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Article

Vitamin D Supplementation Regulates Postoperative Serum Levels of PD-L1 in Patients with Digestive Tract Cancer and Improves Survivals in the Highest Quintile of PD-L1: A Post Hoc Analysis of the AMATERASU Randomized Controlled Trial

1
Division of Molecular Epidemiology, The Jikei University School of Medicine, 3-25-8 Nishi-Shimbashi, Minato-Ku, Tokyo 105-8461, Japan
2
Pfizer Japan Inc., Shinjuku Culture Quint Bldg, 3-22-7 Yoyogi, Shibuya-ku, Tokyo 151-8589, Japan
3
Department of Surgery, International University of Health and Welfare Hospital, 537-3 Iguchi, Nasushiobara, Tochigi 329-2763, Japan
*
Author to whom correspondence should be addressed.
Nutrients 2021, 13(6), 1987; https://doi.org/10.3390/nu13061987
Received: 9 May 2021 / Revised: 1 June 2021 / Accepted: 5 June 2021 / Published: 9 June 2021
(This article belongs to the Section Nutritional Immunology)

Abstract

Because vitamin D responsive elements have been found to be located in the PD-L1 gene, vitamin D supplementation was hypothesized to regulate serum PD-L1 levels and thus alter survival time of cancer patients. A post hoc analysis of the AMATERASU randomized, double-blind, placebo-controlled trial of postoperative vitamin D3 supplementation (2000 IU/day) in 417 patients with stage I to stage III digestive tract cancer from the esophagus to the rectum was conducted. Postoperative serum PD-L1 levels were measured by ELISA and divided into quintiles (Q1–Q5). Serum samples were available for 396 (95.0%) of the original trial. Vitamin D supplementation significantly (p = 0.0008) up-regulated serum PD-L1 levels in the lowest quintile (Q1), whereas it significantly (p = 0.0001) down-regulated them in the highest quintile (Q5), and it did not either up- or down-regulate them in the middle quintiles (Q2–Q4). Significant effects of vitamin D supplementation, compared with placebo on death (HR, 0.34; 95% CI, 0.12–0.92) and relapse/death (HR, 0.37; 95% CI, 0.15–0.89) were observed in the highest quintile (Q5) of serum PD-L1, whereas significant effects were not observed in other quintiles (Pinteraction = 0.02 for death, Pinteraction = 0.04 for relapse/death). Vitamin D supplementation significantly reduced the risk of relapse/death to approximately one-third in the highest quintile of serum PD-L1.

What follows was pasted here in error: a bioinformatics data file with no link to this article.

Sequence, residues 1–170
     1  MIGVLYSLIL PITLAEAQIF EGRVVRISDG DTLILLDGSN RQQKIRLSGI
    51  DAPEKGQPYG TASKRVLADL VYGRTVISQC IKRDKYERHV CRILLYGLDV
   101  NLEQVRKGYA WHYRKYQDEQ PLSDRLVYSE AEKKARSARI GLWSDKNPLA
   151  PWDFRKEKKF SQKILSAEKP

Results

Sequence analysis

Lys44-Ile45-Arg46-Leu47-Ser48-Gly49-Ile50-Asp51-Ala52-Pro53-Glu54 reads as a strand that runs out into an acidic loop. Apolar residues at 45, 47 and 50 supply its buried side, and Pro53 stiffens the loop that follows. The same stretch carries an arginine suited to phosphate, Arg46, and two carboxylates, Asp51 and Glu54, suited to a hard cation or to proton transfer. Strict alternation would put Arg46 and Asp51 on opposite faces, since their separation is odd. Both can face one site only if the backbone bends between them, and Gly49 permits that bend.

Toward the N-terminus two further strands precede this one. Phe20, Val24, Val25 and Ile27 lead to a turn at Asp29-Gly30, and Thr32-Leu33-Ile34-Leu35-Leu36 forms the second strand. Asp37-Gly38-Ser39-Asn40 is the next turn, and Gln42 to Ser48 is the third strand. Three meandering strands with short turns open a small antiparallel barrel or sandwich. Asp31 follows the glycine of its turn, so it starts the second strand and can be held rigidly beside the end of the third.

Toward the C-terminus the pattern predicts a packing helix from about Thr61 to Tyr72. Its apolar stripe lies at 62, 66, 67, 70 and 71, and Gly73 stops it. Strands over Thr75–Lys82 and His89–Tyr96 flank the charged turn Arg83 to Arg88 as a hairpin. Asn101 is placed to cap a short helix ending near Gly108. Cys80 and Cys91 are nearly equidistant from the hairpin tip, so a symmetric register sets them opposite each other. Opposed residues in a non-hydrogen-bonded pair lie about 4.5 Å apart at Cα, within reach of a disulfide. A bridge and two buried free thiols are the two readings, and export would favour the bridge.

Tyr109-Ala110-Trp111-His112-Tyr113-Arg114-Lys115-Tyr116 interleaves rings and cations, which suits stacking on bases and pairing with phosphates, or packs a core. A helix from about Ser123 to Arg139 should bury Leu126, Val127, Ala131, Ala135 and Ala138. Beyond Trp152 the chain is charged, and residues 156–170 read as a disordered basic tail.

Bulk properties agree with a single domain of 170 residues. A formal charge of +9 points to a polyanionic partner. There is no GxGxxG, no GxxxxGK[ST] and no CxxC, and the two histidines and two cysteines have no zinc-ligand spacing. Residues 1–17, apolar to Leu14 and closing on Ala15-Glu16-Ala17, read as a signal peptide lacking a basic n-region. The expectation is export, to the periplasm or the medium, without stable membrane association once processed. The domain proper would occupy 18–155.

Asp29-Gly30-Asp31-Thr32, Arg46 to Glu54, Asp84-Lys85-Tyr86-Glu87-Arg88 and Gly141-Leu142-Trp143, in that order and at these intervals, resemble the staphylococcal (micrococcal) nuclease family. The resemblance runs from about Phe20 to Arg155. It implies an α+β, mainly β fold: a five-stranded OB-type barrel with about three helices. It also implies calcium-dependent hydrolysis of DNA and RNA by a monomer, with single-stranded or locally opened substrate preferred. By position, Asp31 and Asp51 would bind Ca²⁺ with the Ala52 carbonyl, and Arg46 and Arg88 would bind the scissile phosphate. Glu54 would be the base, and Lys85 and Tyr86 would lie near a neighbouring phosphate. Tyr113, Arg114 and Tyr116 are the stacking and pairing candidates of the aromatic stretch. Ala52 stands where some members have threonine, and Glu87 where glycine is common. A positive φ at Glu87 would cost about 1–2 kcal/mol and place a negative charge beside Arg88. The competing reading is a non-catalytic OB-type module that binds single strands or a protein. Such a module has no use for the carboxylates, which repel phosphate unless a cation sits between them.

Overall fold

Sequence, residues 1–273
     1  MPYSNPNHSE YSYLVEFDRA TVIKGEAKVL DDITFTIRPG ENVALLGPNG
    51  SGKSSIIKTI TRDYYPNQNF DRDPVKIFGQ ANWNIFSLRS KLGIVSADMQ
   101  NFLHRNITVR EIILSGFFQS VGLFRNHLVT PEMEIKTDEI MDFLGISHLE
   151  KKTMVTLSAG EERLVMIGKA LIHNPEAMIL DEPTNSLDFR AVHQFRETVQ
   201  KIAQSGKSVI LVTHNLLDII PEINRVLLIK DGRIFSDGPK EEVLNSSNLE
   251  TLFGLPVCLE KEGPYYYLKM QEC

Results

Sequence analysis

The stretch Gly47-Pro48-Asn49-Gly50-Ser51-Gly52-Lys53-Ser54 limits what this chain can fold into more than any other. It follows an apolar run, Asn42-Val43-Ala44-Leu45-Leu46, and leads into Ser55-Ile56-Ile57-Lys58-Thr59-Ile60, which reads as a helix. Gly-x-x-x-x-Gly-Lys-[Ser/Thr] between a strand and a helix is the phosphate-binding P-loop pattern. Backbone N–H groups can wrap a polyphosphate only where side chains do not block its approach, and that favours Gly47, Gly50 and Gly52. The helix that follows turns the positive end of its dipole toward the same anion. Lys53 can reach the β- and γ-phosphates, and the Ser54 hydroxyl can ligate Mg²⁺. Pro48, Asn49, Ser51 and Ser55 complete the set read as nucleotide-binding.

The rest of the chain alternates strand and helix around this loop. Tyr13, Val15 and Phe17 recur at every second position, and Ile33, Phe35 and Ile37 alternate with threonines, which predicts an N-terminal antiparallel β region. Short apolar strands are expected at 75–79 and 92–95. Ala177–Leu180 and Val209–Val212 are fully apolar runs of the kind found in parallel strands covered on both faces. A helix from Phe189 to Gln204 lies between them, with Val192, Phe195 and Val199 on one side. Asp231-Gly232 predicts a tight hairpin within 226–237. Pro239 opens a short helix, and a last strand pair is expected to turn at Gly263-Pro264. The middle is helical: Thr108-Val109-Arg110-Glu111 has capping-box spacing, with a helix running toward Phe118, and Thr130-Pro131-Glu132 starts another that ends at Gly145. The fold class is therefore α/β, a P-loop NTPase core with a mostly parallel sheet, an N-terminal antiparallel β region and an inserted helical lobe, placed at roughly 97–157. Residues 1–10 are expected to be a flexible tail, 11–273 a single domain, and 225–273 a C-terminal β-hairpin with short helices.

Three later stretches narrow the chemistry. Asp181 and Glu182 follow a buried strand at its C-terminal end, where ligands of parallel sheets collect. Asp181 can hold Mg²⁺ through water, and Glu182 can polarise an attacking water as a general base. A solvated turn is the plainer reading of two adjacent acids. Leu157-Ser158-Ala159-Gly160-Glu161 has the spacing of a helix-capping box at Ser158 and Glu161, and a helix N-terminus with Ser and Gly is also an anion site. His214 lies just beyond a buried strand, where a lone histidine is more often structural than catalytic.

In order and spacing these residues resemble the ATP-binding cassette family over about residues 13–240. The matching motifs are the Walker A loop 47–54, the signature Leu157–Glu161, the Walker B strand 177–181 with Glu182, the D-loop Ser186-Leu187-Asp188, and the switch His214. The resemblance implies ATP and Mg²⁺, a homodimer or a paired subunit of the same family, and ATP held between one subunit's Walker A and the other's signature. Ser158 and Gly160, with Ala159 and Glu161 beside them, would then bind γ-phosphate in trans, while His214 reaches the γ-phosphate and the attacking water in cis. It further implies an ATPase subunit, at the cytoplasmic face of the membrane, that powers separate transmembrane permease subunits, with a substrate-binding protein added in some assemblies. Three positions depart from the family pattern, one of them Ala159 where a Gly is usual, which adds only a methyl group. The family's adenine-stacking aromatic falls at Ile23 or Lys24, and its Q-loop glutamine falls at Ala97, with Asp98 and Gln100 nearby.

Keywords: vitamin D; supplement; PD-L1; cancer; serum; soluble; survival; randomized; placebo vitamin D; supplement; PD-L1; cancer; serum; soluble; survival; randomized; placebo

1. Introduction

Programmed death-ligand 1 (PD-L1) is expressed on a part of cancer cells to suppress anti-cancer immunity by interacting with the programmed death-1 (PD-1) receptor expressed on immune cells [1]. Indeed, blocking this interaction by administering monoclonal antibodies targeting either the PD-1 or the PD-L1 molecule improves the prognosis of patients with cancer, at least in part [2]. Moreover, PD-L1 is constitutively expressed at low levels on non-cancer cells, e.g., antigen-presenting cells, vascular endothelial cells, and pancreatic islet cells, which may induce immune tolerance by maintaining the quiescence of autoreactive immune cells [1].
Membrane-bound forms of PD-L1 are also expressed on the surface of exosomes, whereas soluble forms of PD-L1 are generated as splice variants or by proteolytic cleavage of membrane-bound forms, and both are secreted into the extracellular space and blood stream [3,4,5]. Thus, total levels of serum PD-L1 measured by enzyme-linked immunosorbent assay (ELISA) may reflect the sum of both exosomal and soluble forms of PD-L1. Serum PD-L1 was considered to be functional and shown in vitro to induce apoptosis of CD4+ and CD8+ T cells derived from either a patient with cancer or a healthy person [6,7]. In addition, we and our colleagues reported that serum PD-L1 levels were increased up to seven-fold in pregnant women compared with age-matched non-pregnant women, and further demonstrated in vitro that the increased serum PD-L1 of pregnant women suppressed both autogenic and allogeneic immune reactions, as well as cytokine production of immune cells [8]. In fact, a recent meta-analysis including a total of 21 studies demonstrated that elevated serum PD-L1 levels were associated with worse survival of patients with cancer [9]. In particular, higher postoperative, but not preoperative, plasma total PD-L1, in addition to exosomal PD-L1, was shown to be associated with poor survival in patients with gastric cancer [10]. Thus, not only relying on immune checkpoint inhibitors, but also reducing serum PD-L1 levels after operation, is another distinct strategy to improve the prognosis of patients with cancer. However, few strategies are suitable for clinical use at the moment except for therapeutic plasma exchange [11].